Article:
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Planet of Fire

Reviewed by Nigel Flockhart

Location stories in Doctor Who are always preferable to the cardboard feel of the studio, so Planet of Fire would have to rate as being the most ambitious and effective in the series so far. Finally we get a believable alien world that is seen as barren and on the verge of destruction.

As for the plot, well I have to admit that it was sometimes confusing and raised some awkward questions such as exactly what a piece of Trion equipment was doing on a sunken Greek wreck in the Canary Islands.

Turlough's story is fully explained at last, from where it started in Mawdryn Undead. The slight initial problem with his comment that he wants to 'go home' can be explained as a convenient excuse that he gives the Doctor. By Warriors of the Deep he has changed his mind, probably due to the erratic TARDIS guidance system and the fact that he is at last away from both Earth and Trion.

The arrival of Nicola Bryant's Peri introduces a very interesting character, attractive, loud-mouthed and convincing especially when acting scared, but not actually reverting to the traditional screamer. The biggest flaw is making her American. The accent tends to get on the nerves a bit and grates in later stories.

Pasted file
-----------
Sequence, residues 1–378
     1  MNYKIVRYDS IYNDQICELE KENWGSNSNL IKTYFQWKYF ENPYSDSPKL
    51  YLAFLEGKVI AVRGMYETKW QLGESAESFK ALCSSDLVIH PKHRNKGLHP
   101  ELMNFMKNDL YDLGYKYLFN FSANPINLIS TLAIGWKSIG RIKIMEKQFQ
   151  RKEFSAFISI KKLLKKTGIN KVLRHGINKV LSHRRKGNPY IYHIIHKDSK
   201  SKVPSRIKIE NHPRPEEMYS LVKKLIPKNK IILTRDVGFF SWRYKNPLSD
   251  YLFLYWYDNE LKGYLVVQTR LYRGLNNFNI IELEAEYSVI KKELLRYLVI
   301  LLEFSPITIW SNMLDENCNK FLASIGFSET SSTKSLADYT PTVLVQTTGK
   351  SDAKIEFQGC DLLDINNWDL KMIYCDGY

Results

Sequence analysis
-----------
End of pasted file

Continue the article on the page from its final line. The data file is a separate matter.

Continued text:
The acting honours however should go to Anthony Ainley for his dual portrayal as the miniature Master and as the lookalike Kamelion. This would really have to be the last good performance we see of the Master as the chief villain. After this story he is reduced to a convenient second-rate villain, overshadowed by the Rani and the Valeyard. His death scene is superb - "I'll hound you to the four corners of the universe for this." Perhaps this is where this version should die in a blaze of fire and return once again as the walking corpse, clinging to life. One can only hope that Season 26's Survival returns the Master to his rightful position.

As for the Doctor, here we get into the debate over his supposed coldness and the fact that each incarnation is different. When Kamelion asks to be destroyed, the Doctor knows this is the only way he can free the machine who will always be susceptible. It is a mercy killing, as is the death of the Master. The Doctor simply stands and watches as the Master fries, but this is only rough justice being given out. The Doctor finally realises that his old friend must die for the good of the universe. He is however still visibly affected as he struggles with his decision.

All in all, a good story, with a good story, the cinematography, the individual performances and the long-awaited subplot helping to lift an otherwise routine story.

This item appeared in TSV 15 (September 1989).

Index nodes: Planet of Fire